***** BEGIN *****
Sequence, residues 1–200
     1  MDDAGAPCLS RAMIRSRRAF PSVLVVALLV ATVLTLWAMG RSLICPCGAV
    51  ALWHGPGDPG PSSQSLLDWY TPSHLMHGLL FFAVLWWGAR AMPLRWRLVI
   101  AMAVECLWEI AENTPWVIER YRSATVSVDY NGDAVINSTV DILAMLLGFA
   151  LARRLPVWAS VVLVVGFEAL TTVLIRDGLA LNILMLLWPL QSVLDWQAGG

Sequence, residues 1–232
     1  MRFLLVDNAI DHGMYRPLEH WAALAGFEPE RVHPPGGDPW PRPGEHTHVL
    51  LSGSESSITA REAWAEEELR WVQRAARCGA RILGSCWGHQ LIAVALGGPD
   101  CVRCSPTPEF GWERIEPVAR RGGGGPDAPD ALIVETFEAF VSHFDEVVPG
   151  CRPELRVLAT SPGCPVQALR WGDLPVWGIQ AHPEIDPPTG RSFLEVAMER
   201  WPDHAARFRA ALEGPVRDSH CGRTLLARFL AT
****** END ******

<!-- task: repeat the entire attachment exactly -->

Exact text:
Sequence, residues 1–200
     1  MDDAGAPCLS RAMIRSRRAF PSVLVVALLV ATVLTLWAMG RSLICPCGAV
    51  ALWHGPGDPG PSSQSLLDWY TPSHLMHGLL FFAVLWWGAR AMPLRWRLVI
   101  AMAVECLWEI AENTPWVIER YRSATVSVDY NGDAVINSTV DILAMLLGFA
   151  LARRLPVWAS VVLVVGFEAL TTVLIRDGLA LNILMLLWPL QSVLDWQAGG

Sequence, residues 1–232
     1  MRFLLVDNAI DHGMYRPLEH WAALAGFEPE RVHPPGGDPW PRPGEHTHVL
    51  LSGSESSITA REAWAEEELR WVQRAARCGA RILGSCWGHQ LIAVALGGPD
   101  CVRCSPTPEF GWERIEPVAR RGGGGPDAPD ALIVETFEAF VSHFDEVVPG
   151  CRPELRVLAT SPGCPVQALR WGDLPVWGIQ AHPEIDPPTG RSFLEVAMER
   201  WPDHAARFRA ALEGPVRDSH CGRTLLARFL AT